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J Clin Child Adolesc Psychol. 2009 Sep;38(5):696-704. doi: 10.1080/15374410903103577.

Mother-child conflict and its moderating effects on depression outcomes in a preventive intervention for adolescent depression.

Author information

  • 1Department of Clinical Psychology, Graduate School of Applied and Professional Psychology, Rutgers University, Piscataway, NJ 08854-8085, USA. jfyoung@rci.rutgers.edu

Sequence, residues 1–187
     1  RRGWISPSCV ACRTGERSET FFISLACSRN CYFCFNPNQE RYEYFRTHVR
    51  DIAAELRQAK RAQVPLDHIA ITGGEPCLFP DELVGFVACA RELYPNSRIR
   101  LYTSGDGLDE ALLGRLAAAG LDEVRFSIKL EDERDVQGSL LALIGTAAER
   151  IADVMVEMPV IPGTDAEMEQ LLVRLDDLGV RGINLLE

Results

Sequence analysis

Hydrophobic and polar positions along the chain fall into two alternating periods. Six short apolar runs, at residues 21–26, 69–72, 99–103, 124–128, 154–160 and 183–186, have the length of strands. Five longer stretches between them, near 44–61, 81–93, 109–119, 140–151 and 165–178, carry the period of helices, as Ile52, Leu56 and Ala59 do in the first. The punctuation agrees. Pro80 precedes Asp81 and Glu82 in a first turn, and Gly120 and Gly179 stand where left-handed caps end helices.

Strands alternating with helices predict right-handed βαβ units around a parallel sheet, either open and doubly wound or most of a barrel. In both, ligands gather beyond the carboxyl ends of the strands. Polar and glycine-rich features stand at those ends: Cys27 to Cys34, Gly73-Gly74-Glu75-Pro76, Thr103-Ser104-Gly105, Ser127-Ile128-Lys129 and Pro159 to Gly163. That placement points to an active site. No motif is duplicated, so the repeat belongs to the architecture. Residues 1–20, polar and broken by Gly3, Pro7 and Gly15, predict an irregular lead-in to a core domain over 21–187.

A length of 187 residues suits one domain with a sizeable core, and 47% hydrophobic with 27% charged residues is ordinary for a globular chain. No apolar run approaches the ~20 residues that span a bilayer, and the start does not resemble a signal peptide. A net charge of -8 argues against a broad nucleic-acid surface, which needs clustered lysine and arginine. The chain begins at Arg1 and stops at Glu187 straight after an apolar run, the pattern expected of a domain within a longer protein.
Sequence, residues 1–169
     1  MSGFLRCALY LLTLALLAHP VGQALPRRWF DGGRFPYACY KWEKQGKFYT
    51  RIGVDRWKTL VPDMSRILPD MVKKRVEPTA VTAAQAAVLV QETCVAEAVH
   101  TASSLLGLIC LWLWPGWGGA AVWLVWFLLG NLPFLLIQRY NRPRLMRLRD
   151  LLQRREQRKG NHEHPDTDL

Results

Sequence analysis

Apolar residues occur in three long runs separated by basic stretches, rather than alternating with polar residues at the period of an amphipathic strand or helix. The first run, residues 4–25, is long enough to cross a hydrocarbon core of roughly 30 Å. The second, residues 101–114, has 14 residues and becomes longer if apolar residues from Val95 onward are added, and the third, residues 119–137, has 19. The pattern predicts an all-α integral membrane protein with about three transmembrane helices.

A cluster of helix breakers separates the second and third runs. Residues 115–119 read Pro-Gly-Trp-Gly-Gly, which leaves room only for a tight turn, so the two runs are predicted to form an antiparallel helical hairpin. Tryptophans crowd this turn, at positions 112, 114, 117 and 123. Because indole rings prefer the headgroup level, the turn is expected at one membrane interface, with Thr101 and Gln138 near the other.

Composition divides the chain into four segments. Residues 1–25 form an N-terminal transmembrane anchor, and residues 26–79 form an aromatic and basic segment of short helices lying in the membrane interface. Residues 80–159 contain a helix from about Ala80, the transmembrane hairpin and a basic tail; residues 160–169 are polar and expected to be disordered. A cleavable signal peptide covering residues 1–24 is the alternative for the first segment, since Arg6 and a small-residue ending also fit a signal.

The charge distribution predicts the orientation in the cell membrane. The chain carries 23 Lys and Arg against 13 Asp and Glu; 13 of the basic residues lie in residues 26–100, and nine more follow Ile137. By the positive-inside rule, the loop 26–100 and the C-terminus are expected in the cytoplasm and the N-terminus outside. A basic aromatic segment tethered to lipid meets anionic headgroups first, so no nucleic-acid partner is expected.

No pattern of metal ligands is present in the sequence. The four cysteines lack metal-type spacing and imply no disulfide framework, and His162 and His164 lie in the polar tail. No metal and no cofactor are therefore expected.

This article reports on mother-child conflict as an outcome and moderator of Interpersonal Psychotherapy-Adolescent Skills Training (IPT-AST), a preventive intervention for depression. Forty-one adolescents (average age = 13.37, SD = 1.19) with elevated depression symptoms were randomized to receive IPT-AST or school counseling (SC). Adolescents in IPT-AST showed significantly greater reductions in mother-child conflict. Baseline mother-child conflict moderated the programs' effects on depression symptoms. Adolescents in IPT-AST who had high baseline conflict showed significantly greater decreases in depression symptoms than adolescents in SC who had high conflict. Among those adolescents with low baseline conflict, the difference between the two interventions was not significant.

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